Laboratory tests suggest that when the shellfish suck in tiny plastic particles, their reproductive success suffers. Christopher Intagliata reports.
As many as 12 million tons of plastic waste end up in the world's oceans every year, according to a 2015 estimate in the journal Science. Over time, wind and waves grind and chew that plastic trash into tiny bits of what’s called "microplastic"—which happen to be about the same size and shape as the micro algae that filter feeders like oysters snack on. Meaning oysters can ingest it.
To find out the effects of consuming the debris, researchers at the French Institute for Ocean Studies raised oysters in water polluted with plastic microbeads, in concentrations similar to those observed in field studies. The shellfish sucked up the six-micrometer-wide plastic particles extremely efficiently—as they evolved to do with the tiny algae.
Two months later, the oysters exposed to microplastics produced half as many eggs and slower swimming sperm than did oysters that fed on algae alone. Perhaps, the researchers say, because plastic interferes with the oysters' energy uptake. And the offspring of the plastic-eaters were also smaller and slower-growing than the progeny of control oysters. The study is in the Proceedings of the National Academy of Sciences. [Rossana Sussarellu et al, Oyster reproduction is affected by exposure to polystyrene microplastics]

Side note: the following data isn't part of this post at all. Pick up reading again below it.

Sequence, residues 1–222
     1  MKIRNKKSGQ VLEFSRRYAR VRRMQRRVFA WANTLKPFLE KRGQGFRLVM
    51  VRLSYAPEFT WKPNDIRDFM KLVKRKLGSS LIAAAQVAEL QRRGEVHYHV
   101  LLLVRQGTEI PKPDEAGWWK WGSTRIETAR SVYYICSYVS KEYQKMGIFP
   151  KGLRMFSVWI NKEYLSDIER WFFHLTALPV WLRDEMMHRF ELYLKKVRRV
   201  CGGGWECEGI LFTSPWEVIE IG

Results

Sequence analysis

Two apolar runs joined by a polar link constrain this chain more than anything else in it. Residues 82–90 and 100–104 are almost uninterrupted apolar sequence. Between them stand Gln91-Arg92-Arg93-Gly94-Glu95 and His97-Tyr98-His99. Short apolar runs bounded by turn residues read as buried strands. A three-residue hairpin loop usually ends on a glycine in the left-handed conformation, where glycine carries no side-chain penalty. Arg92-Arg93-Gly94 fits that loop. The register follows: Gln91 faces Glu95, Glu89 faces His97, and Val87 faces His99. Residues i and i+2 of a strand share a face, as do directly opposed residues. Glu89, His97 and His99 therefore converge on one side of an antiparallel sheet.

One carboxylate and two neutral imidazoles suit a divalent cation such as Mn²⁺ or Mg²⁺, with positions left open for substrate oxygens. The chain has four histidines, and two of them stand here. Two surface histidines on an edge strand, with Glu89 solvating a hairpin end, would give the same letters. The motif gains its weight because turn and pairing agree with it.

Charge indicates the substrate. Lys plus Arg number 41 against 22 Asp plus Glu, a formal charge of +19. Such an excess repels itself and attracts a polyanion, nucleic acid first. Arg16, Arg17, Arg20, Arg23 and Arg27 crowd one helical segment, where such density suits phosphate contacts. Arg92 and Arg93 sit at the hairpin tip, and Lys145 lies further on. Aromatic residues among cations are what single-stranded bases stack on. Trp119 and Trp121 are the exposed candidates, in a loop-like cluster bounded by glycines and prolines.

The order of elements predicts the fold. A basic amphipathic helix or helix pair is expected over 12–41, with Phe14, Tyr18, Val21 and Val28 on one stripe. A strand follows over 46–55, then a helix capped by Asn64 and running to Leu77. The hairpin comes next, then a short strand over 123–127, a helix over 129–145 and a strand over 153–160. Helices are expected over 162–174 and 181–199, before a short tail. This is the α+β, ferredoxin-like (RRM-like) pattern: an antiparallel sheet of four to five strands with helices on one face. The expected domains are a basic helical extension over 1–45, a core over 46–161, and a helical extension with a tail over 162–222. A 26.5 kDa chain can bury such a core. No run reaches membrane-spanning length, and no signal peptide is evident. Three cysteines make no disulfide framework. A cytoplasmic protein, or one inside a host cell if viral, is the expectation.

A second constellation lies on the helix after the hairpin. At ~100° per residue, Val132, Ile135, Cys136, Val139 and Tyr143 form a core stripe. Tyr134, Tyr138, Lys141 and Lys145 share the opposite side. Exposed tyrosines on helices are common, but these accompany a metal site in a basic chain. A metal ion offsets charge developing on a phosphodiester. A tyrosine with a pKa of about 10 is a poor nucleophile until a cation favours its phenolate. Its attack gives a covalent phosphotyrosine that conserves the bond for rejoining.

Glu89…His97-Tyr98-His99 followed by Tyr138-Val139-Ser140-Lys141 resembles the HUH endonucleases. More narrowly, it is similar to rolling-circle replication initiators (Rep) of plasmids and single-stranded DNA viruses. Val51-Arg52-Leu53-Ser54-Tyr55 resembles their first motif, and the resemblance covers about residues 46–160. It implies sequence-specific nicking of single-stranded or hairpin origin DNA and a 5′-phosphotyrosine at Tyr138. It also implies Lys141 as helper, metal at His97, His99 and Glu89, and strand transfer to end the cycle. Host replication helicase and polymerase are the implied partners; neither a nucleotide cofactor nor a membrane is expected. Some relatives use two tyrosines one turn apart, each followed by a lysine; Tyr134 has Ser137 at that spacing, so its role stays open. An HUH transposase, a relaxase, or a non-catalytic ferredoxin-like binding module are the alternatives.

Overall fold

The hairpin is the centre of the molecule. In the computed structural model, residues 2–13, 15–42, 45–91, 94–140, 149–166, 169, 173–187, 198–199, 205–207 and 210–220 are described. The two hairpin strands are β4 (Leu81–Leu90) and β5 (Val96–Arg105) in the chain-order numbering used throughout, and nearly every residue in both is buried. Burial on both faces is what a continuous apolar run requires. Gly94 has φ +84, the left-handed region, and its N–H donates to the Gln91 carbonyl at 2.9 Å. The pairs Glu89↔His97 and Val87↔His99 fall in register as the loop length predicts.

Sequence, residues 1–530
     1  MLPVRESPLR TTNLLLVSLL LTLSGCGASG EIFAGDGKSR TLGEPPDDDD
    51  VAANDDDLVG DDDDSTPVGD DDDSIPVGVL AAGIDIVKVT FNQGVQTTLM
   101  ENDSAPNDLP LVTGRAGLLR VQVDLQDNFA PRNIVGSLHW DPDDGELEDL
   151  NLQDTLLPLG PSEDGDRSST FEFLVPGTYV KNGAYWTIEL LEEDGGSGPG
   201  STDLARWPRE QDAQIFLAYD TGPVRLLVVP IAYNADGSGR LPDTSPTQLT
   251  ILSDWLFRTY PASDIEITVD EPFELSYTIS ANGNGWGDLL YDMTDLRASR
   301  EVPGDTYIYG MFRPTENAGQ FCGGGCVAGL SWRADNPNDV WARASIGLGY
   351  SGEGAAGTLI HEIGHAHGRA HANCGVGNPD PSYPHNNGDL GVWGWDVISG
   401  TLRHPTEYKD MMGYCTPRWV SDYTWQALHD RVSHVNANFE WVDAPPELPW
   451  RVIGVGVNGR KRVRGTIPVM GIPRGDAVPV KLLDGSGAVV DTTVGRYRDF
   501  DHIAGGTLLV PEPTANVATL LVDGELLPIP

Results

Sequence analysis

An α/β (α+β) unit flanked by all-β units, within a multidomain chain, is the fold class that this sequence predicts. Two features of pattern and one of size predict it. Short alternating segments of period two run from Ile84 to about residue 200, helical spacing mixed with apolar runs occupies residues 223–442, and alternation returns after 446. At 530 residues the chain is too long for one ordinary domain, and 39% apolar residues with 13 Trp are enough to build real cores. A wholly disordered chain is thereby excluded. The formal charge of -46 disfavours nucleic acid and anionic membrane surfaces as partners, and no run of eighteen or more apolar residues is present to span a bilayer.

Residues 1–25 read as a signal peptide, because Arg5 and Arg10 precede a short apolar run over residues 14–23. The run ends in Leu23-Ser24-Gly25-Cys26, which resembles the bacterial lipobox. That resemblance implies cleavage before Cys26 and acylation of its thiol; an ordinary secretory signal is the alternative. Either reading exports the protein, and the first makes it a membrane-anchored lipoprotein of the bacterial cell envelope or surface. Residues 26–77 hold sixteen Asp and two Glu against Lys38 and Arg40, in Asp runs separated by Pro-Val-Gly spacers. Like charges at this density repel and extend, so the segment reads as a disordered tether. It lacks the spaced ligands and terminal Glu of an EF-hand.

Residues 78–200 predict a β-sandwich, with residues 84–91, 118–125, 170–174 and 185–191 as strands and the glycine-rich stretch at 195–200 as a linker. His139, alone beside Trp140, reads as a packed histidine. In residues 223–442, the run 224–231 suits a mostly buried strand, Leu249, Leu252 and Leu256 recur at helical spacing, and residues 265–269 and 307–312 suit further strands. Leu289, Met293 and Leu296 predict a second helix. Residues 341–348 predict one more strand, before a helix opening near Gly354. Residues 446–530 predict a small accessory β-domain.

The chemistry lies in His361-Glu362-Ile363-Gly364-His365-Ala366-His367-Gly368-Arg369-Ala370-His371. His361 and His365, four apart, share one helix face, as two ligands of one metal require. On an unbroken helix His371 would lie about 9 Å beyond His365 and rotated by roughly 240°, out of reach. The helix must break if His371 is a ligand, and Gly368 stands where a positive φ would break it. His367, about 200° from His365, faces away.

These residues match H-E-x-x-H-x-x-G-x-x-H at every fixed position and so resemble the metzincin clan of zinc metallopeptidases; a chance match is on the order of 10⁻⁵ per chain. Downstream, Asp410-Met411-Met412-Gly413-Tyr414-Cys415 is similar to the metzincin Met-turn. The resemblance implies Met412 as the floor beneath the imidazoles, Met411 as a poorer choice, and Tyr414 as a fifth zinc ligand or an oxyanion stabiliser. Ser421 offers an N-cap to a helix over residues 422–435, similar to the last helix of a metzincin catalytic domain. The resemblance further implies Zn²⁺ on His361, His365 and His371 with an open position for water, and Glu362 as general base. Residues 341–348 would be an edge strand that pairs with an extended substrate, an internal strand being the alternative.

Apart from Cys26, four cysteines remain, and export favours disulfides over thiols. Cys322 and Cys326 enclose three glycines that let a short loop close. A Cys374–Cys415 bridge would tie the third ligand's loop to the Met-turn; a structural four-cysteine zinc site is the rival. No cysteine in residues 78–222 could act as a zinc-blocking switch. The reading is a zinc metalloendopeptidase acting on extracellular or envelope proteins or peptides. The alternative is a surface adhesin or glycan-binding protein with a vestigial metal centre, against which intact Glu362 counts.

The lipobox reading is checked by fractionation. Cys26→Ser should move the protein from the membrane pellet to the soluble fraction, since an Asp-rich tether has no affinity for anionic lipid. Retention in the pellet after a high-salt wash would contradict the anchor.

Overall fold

The scientists say oysters will probably survive in spite of plastic pollution—they're still prolific reproducers. But until we clean up our act, there's no question we're giving them a raw deal.
[The above text is a transcript of this podcast.]